An Innovative Approach to Stopping Colds and Flu
The Centers for Disease Control and Prevention estimate that 56,000 people a year die from flu-related illnesses.1 During the 2015-2016 flu season 310,000 people were hospitalized due to flu-related illnesses.2
Colds and the flu are often treated with a variety of medications designed to reduce symptoms but that have no ability to activate the body’s own immune response to fend off invading bacteria or viruses.
Scientists wanted to find a way to stop the common cold and flu before they take hold.
Our bodies have a built-in security system called secretory IgA, which is present in mucosal membranes that line the nose and upper respiratory tract. IgA can prevent cold and flu viruses from entering.
With age, our ability to generate IgA secretions declines and this first line of defense is weakened.
Researchers started their investigations knowing that a critical aspect of the immune system is the microbiome in the gut, where a complex microenvironment of beneficial bacteria exist and interact.
Scientists discovered that a targeted probiotic cocktail of bacteria can boost the body’s immune defense system, in particular mucosal secretory IgA.
How IgA Protects Against Cold and Flu
Infections of the nose and upper respiratory tract pose a risk to older adults, who have a reduced immune response.3
This weakening of the immune system arises in part from reduced production of secretory antibodies that protect the nasal mucosa and respiratory tract mucosal surfaces from viral infection.
The decline of protective IgA helps explain why aging adults can be susceptible to infection by cold and flu viruses, as well as the Streptococcus pneumoniae bacterium, a cause of bacterial pneumonia in aging adults.4
To counteract this problem, researchers tested a unique oral probiotic blend designed to reduce the risk of respiratory infections by enhancing secretory immunity.
The term “secretory immunity” refers to production of specialized antibodies like IgA in the mucous membranes lining the nose, and portions of the windpipe and lungs.5
The importance of IgA antibodies is that they target both viral and bacterial invaders in the upper respiratory tract, deactivating them and presenting them for destruction by the immune system.6 This prevents both cold and flu viruses from gaining a foothold in the body. These pathogens are stopped before wreaking havoc in the body’s respiratory tract.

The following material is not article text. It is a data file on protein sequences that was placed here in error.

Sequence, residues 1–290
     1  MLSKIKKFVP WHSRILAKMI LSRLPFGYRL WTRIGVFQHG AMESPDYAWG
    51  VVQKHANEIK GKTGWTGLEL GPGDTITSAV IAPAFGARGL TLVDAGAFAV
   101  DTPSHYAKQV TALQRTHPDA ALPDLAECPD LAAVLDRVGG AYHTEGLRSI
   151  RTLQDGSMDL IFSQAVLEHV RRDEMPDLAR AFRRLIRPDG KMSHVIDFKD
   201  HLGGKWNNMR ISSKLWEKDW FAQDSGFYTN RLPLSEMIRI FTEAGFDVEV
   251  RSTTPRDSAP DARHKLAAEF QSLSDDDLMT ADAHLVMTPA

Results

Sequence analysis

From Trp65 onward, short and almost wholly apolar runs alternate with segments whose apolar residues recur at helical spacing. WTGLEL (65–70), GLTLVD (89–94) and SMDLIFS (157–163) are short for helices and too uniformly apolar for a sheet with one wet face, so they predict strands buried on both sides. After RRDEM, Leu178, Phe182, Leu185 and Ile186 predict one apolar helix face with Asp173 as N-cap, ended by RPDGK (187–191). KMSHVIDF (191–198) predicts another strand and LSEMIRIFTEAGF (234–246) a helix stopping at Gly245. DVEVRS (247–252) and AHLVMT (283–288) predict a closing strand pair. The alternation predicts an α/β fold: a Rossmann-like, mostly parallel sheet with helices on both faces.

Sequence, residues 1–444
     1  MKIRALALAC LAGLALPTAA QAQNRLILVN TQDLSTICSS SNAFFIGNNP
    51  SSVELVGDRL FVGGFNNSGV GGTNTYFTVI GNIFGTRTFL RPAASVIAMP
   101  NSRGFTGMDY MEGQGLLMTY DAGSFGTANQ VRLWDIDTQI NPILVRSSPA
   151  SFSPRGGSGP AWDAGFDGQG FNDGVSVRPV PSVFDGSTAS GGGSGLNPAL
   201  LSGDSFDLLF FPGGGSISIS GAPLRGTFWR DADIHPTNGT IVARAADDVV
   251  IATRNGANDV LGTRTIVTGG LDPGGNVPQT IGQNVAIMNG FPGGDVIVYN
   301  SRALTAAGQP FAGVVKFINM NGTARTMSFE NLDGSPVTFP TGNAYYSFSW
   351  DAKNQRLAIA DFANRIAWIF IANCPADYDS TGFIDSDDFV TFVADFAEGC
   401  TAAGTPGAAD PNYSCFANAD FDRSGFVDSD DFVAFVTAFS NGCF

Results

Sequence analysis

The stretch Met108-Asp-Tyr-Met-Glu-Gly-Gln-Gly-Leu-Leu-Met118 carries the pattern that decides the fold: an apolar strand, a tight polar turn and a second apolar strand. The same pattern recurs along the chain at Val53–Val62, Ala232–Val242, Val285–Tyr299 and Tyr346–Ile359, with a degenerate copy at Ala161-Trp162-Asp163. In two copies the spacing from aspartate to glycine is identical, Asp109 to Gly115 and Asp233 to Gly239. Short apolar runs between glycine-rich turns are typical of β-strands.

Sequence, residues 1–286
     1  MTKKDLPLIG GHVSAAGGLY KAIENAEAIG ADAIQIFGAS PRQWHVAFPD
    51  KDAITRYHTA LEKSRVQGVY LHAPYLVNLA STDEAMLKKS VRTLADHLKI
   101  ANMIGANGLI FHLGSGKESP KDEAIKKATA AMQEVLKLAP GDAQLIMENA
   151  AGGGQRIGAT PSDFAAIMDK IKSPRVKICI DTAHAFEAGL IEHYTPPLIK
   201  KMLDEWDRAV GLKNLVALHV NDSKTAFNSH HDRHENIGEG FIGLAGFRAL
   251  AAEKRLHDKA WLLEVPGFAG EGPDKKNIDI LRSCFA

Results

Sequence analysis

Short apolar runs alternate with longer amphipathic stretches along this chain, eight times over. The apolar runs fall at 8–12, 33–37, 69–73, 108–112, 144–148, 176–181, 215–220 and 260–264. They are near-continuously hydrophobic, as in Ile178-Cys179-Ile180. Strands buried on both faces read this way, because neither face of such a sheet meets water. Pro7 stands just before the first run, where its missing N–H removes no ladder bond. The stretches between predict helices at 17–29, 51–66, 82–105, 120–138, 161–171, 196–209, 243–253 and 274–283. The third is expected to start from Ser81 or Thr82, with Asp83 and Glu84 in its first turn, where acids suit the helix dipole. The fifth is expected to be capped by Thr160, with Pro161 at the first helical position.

Blocking viral attachment to mucous membranes, in turn, prevents viruses from injecting their genetic material into human cells, and hence from replicating to produce more viruses.6
IgA is the acronym for immunoglobulin A. Increasing IgA secretion and breaking a viral replication cycle can prevent development of colds, influenza, and other respiratory infections.
Probiotics Slash Respiratory Infections
Researchers have identified several unique strains of targeted probiotics that have potent preventive effects on human respiratory infections. Their weapon against microbes, especially viruses that target the respiratory tract, appears to be the stimulation of IgA.
To see how this unique probiotic blend works to prevent infection by cold and flu, let’s look at a human clinical study. The trial was performed over the course of 90 days during cold and flu season with 250 subjects.7
The subjects were randomly assigned to receive either a placebo or a mixture of five unique probiotic strains specifically formulated to stimulate protective IgA:
- L. plantarum (LP 01-LMG P-21021)
- L. plantarum (LP 02-LMG P-21020)
- L. rhamnosus (LR 04-DSM 16605)
- L. rhamnosus (LR 05-DSM 19739)
- B. lactis (BS 01-LMG P-21384)
During the course of the three-month study, subjects were asked to report all daily respiratory symptoms (runny nose, cough, fever, bronchitis, or pneumonia), along with the length and severity of symptoms.
All diseases accompanied by fever were classified as “flu-like syndromes,” while a separate category of “influenza-like illnesses” was also used. Other categories were “bronchitis-like” diseases, upper respiratory tract infections, common cold, and cough without other symptoms.
The study showed reduction in symptoms and reduction in the duration of symptoms.
The study findings showed:
- 16 episodes of “influenza-like illnesses” in the placebo group compared to 3 such episodes in the probiotic cocktail group (a significant 81% reduction).